SAC Capital and the allure of the easy win

July 23, 2013: 11:30 AM ET

A myopic focus on risk can lead even hyper-logical traders down a path toward illegal activity.

By Ethan Rouen


SAC Capital's Steven Cohen

FORTUNE -- As the SAC Capital case sputters and chugs and the government continues its crusade against insider trading, the question to keep asking is, "why?" Why on earth do hedge funders who have enough money to use Picassos as napkins take such unnecessary risks by acting based on illegal insider tips?

Is it hubris, stupidity, or, oddly enough, the same risk measurement tactics they have been taught to use their whole life?

Spend five minutes with any investing geek, and you realize that he looks at risk in a way that is vastly different from the rest of the population (many of whom don't seem to think much about risk at all).

In most cases, this quality has been ingrained in the best professional investors; that's why they chose to major in accounting at a state school versus studying binge drinking and French poetry at Harvard. The long-term price-to-value ratio was significantly lower on the first option, and even as hormonal 17-year-olds, they made decisions based on this philosophy.

Obsession with risk makes committing a crime like insider trading baffling, especially for those who run funds and can afford to avoid such risk. So think about how high the upside of such a bet must be that the real possibility of sacrificing one's career, wealth, and freedom doesn't squash it immediately. Indeed, it is precisely this kind of myopic focus on risk that can lead hyper-logical traders down a path toward illegal activity.

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SAC has a quantitative desk and, like many hedge funds, it can make serious cash trades on tiny market inefficiencies in the milliseconds before they are priced out. The payoffs are small, but when the wagers are big, these low-risk bets can deliver a comfortable return.

But insider-trading cases are good examples in which strategies based on big data fall short (there are several others that played a role in the 2008 financial crisis). The promise of extraordinary returns can prove all too alluring, even for the risk-obsessed trader. That is likely why billionaire hedge fund mogul Raj Rajaratnam is sitting in jail. And it is why eight current and former SAC employees, including founder Steven A. Cohen and the two subordinates he allegedly failed to supervise, have been charged with engaging in insider trading.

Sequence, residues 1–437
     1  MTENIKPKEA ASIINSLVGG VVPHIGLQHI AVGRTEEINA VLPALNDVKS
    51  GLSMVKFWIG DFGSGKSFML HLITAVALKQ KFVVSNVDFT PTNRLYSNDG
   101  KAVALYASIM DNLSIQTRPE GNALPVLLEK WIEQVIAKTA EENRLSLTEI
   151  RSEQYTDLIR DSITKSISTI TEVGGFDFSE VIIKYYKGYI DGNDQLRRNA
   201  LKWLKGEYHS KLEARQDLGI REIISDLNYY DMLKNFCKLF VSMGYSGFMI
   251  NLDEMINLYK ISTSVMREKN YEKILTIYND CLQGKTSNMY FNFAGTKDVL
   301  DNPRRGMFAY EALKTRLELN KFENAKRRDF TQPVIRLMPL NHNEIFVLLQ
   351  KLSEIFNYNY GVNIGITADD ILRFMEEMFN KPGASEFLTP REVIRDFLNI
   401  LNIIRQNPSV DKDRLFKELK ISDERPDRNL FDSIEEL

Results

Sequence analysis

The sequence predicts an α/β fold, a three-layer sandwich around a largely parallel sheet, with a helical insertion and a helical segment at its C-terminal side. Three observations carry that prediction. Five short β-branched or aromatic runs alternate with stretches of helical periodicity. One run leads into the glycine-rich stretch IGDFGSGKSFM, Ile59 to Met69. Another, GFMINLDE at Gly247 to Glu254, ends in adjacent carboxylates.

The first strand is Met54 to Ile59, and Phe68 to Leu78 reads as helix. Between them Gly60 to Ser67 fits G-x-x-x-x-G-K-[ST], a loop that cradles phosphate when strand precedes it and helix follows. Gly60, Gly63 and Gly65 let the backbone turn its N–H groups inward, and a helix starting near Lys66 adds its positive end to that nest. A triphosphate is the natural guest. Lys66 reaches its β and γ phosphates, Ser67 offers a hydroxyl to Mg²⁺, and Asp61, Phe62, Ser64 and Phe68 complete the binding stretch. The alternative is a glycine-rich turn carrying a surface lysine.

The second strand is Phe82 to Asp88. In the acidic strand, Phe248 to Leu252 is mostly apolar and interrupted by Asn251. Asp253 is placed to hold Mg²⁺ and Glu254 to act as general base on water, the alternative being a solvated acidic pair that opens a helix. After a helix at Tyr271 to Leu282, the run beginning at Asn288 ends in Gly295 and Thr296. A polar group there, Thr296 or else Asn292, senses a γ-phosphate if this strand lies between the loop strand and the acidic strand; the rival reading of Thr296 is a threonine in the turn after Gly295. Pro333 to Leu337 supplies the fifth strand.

Without a doubt, greed and ego played a significant role in their decisions, but these people spent their careers placing bets with varying degrees of certainty. A sure thing throws their ability to quantify risk out of whack and has so far cost SAC $3 billion in capital from investors who have withdrawn from the fund.

At this point in the case against SAC, it's surprising that some of those charged haven't recalculated the risks in their current situations, like Richard Choo-Beng Lee, who started cooperating with the government in 2009 (three others have pleaded guilty or reached a civil settlement).

When proper risk measurement means the difference between being a billionaire and being broke, one starts measuring risk in every choice, be it an exercise regimen or where to send your child to pre-school. A good investor would attempt to track as many alumni of that school as possible. He would look at graduation rates, reading and math levels upon graduation, and success all the way through college and into careers. He would also attempt to see how long teachers tend to stay in their jobs and whether his child is likely to get along with the other children.

Basically, a good investor is a data junkie, one who looks to gather every possible piece of measurable information before making an investment. This information comes from S.E.C. filings, but it also comes from commodity prices, supplier interviews, what employees say on the Internet, and countless other sources that are legally available. The more one knows, the lower the risk and the greater the confidence in the price-to-value ratio.

There is an amazing amount of information available to those who are willing to dedicate the time to gathering it. As computing power grows, digesting that information for useful purposes becomes easier and more reliable.

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The pre-school example isn't unrealistic for the most neurotic of parents, so what if there was an illegal way to obtain a recording of a teachers' meeting in which all the teachers decided they would be leaving the school after this year? All the other information becomes instantly worthless.

That is the allure of an inside tip. It's not that big data isn't an effective way to build a trading strategy (or a marketing or management strategy). With the massive amount of data available, and the improving ease with which even amateurs can use it to guide their decisions, data science will continue to be a growing part of many aspects of business.

But personal connections and stepping away from the screen can provide insights and facts that are significantly more valuable than what the data tell us. So valuable, in fact, that one big bet may seem worth risking everything.

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